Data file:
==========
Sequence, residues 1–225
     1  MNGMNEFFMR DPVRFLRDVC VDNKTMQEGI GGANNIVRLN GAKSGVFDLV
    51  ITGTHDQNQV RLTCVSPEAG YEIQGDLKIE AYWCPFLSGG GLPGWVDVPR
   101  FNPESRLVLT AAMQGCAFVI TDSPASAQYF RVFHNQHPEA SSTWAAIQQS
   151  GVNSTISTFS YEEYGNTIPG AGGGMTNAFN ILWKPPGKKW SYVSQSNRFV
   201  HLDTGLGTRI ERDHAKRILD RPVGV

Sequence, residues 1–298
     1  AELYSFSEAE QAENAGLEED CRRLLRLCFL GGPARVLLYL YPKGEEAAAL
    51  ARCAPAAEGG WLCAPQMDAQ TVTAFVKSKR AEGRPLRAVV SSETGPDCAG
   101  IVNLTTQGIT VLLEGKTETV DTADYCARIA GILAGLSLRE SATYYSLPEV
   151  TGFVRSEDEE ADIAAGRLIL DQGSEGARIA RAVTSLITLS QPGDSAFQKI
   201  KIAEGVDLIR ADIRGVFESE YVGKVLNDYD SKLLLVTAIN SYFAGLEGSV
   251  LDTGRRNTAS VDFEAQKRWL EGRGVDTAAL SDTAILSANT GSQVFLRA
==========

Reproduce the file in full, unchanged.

Sequence, residues 1–225
     1  MNGMNEFFMR DPVRFLRDVC VDNKTMQEGI GGANNIVRLN GAKSGVFDLV
    51  ITGTHDQNQV RLTCVSPEAG YEIQGDLKIE AYWCPFLSGG GLPGWVDVPR
   101  FNPESRLVLT AAMQGCAFVI TDSPASAQYF RVFHNQHPEA SSTWAAIQQS
   151  GVNSTISTFS YEEYGNTIPG AGGGMTNAFN ILWKPPGKKW SYVSQSNRFV
   201  HLDTGLGTRI ERDHAKRILD RPVGV

Sequence, residues 1–298
     1  AELYSFSEAE QAENAGLEED CRRLLRLCFL GGPARVLLYL YPKGEEAAAL
    51  ARCAPAAEGG WLCAPQMDAQ TVTAFVKSKR AEGRPLRAVV SSETGPDCAG
   101  IVNLTTQGIT VLLEGKTETV DTADYCARIA GILAGLSLRE SATYYSLPEV
   151  TGFVRSEDEE ADIAAGRLIL DQGSEGARIA RAVTSLITLS QPGDSAFQKI
   201  KIAEGVDLIR ADIRGVFESE YVGKVLNDYD SKLLLVTAIN SYFAGLEGSV
   251  LDTGRRNTAS VDFEAQKRWL EGRGVDTAAL SDTAILSANT GSQVFLRA